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Writing an In-text (Parenthetical) Citation
Definition: An in-text, or parenthetical, citation is put in the body of your paper to refer to one of the sources listed in your Works Cited.


Guidelines: When do I need to include an in-text citation?

What to include: In parentheses, place the author's last name followed by one space and the page number, and a period at the end.

Example (see more examples below):   
      (Friedman 3).
Examples: Most Common Types of Entries
 
No author listed
      Use the first word or two of the title in quotation marks.
Example:   
      Many Chinese families abandon their baby girls, hoping to have boy babies in the future ("Missing Girls" 5).
 
Web site without page numbers
      MLA format specifies using the paragraph numbers, if given. Most Web site do not have them.
      Until there is a uniform way to handle this, most teachers request using the notation 'n. pag.' for 'no pagination.'
Example:
      "This Web site has no paragraph numbers listed" (Author n. pag.).
 
Two or more sources with the same author
      The in-text citation would include the author's last name, the first word or two of the title and the page number.
Examples:
      journal article       (Smith, "Common Errors" 7).
      book                     (Smith, Library Fun 227). 
 
Two or more authors with the same last name
      If the authors have different first names but the same last name, the reference would include the first initial of the first name with the last name (J. Smith 23).
      If the first initials are the same, you would use the first names (Jonathan Smith 23).
 

 

Examples: Less Common Types of Entries
note: the following in-text (parenthetical) reference examples do not refer to real sources.

Same idea from more than one source   Quote is in the middle of one of my sentences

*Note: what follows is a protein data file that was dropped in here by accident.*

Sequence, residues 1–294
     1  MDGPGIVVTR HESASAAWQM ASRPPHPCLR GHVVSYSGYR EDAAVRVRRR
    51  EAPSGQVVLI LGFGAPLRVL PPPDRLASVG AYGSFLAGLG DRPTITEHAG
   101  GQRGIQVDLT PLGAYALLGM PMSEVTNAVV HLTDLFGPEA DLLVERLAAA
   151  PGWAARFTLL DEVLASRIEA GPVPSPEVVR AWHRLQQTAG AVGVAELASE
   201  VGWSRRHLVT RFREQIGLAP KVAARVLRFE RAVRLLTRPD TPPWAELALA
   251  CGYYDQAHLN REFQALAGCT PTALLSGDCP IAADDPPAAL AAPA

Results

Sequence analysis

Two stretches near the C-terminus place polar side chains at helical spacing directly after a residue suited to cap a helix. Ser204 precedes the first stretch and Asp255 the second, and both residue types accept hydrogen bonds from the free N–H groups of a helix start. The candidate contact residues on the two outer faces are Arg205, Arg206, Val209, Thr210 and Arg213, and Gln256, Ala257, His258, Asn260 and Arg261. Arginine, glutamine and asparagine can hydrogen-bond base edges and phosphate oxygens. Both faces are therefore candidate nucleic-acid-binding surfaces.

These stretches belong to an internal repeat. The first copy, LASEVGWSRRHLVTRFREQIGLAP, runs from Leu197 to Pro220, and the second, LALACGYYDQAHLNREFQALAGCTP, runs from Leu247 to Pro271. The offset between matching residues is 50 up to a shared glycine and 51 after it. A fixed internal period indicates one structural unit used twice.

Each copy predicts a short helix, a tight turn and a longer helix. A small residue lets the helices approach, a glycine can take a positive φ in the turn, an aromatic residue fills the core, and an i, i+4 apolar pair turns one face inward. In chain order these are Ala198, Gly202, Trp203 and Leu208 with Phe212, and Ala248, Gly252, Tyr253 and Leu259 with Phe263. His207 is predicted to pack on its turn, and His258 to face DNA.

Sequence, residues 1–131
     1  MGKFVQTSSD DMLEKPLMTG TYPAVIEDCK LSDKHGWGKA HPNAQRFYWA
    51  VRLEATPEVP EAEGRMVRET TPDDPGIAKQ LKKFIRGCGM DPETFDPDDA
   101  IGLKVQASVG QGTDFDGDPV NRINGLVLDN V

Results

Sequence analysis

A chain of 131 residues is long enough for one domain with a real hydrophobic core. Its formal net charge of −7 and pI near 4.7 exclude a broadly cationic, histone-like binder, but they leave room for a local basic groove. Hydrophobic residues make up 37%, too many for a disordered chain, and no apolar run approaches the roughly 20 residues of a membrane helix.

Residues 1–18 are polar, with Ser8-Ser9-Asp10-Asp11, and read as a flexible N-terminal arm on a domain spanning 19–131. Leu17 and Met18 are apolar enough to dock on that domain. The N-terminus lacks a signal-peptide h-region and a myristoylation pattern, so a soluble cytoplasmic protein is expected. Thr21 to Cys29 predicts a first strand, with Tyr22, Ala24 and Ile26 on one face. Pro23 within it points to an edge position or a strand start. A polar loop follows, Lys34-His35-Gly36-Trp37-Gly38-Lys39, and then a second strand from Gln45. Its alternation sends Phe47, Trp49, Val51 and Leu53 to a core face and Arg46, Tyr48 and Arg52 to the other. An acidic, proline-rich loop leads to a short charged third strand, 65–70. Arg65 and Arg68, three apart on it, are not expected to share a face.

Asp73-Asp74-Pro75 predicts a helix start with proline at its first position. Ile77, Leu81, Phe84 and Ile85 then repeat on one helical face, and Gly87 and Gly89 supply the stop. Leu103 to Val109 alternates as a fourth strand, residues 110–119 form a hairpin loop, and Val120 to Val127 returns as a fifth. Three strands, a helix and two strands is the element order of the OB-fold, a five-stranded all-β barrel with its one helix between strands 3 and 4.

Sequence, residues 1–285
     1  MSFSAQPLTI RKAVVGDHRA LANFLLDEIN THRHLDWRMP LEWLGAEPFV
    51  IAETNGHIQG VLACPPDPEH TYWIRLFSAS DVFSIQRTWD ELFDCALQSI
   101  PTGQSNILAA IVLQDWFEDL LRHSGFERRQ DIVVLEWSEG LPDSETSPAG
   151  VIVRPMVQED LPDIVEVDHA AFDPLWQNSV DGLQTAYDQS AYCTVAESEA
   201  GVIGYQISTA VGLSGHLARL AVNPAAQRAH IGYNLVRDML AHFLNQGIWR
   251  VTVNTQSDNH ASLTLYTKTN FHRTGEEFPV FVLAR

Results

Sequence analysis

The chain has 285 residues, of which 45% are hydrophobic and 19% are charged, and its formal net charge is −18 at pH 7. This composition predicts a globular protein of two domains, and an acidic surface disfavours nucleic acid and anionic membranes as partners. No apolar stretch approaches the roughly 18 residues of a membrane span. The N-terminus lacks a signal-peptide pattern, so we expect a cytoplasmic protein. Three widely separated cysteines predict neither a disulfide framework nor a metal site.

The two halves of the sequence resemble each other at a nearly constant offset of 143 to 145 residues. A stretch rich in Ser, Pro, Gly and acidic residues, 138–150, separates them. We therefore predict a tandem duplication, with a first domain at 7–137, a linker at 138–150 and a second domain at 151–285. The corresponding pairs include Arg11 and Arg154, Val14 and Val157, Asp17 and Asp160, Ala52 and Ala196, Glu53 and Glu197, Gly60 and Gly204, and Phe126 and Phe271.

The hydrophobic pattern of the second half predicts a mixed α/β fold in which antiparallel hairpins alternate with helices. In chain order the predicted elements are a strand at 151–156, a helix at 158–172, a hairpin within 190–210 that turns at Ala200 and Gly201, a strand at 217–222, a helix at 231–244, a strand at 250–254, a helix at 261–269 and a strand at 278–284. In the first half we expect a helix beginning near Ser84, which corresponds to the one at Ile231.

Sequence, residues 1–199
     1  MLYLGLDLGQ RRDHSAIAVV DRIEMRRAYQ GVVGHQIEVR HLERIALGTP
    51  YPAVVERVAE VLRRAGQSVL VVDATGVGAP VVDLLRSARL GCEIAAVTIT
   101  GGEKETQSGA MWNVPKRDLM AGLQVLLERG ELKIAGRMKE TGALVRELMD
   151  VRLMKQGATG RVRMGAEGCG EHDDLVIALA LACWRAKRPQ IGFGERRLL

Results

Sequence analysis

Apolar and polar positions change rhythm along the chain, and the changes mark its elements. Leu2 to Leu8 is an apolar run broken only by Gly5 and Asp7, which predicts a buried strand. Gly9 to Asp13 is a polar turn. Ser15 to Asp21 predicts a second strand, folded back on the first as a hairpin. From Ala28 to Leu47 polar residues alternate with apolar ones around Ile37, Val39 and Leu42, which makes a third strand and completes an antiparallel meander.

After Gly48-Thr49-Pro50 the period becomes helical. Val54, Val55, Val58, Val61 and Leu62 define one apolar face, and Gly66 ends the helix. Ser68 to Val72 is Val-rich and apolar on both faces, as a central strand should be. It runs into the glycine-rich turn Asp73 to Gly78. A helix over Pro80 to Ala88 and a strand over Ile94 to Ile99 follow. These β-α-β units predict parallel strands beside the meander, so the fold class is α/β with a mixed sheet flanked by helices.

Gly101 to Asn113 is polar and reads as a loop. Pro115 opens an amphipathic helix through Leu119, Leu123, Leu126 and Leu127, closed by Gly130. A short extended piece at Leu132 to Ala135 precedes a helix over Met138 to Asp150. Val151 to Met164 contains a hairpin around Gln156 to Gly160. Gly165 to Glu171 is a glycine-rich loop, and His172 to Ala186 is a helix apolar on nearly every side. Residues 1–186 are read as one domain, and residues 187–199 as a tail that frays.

My own idea, but also found in an article   Quote already has quotation marks in it
One person is quoted in a source written by someone else   Long quote
Authors with the same last name   Quote poetry
Quote is on more than one page   Long poem or has unique spacing
Part of a chart   Author's name stated in my text
Part of a quote   Title stated in my text
Quote dialogue from a play   Author and title stated in my text
Web site has no page numbers   Source stated in my text

 

 

What if I’m paraphrasing information when I’ve found the same ideas in more than one source?              
      Your reference should mention each source.  This shows the reader that you have done thorough research on the topic.
Example:
      Researchers have found that high school students believe their skills in doing research are better than they actually are (Smith 34; Jones 567)
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What if I’m talking about my own idea, but find the same idea in an article?
      Make a reference to the work of the other person, using the term 'see also.'  Otherwise the reader may think you have plagiarized that person's work.
Example:
      My experience with students has led me to conclude that the lack of ability to create a visual image as they read greatly hinders reading comprehension (see also Jones 65).
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What if I want to use information from a person, but I found it quoted in a source written by someone else?              
      You would include the information, with the reference showing the source it was originally from and also where you read it ('cited in').
Example:
      Research done by John Smith found that 46% of high school students are not effective at doing online research (Smith, cited in Miller 789).
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What if there are more than one in-text references to authors with the same last name?
      If the authors have different first names but the same last name, the reference would include the first initial of the first name with the last name (J. Smith 23).
      If the first initials are the same, you would use the first names (Jonathan Smith 23).
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What if the quote is printed on more than one page of the book or article?
      You would list the entire page number of each page with a hyphen between (Smith 396-401).
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What if a chart is good, but I only want to use part of the information?
      You still include reference information, but indicate that you have adapted it.
Example:
Year
Male
Female
Total
2004
12
15
27
2005
16
21
 37

Fig. 1 adapted from Smith, John. "Article title."
Magazine name. Date: page.

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What if a quote is good, but I want to leave out part of it?
      You would quote as you normally would, but use 3 spaced periods, called ellipsis points, to show that a part was omitted.
Example:
      "You would quote as you normally would, but use 3 spaced periods . . . to show that a part was omitted" (Smith 45).
      "You would quote as you normally would, but use 3 spaced periods . . ." (Smith 45).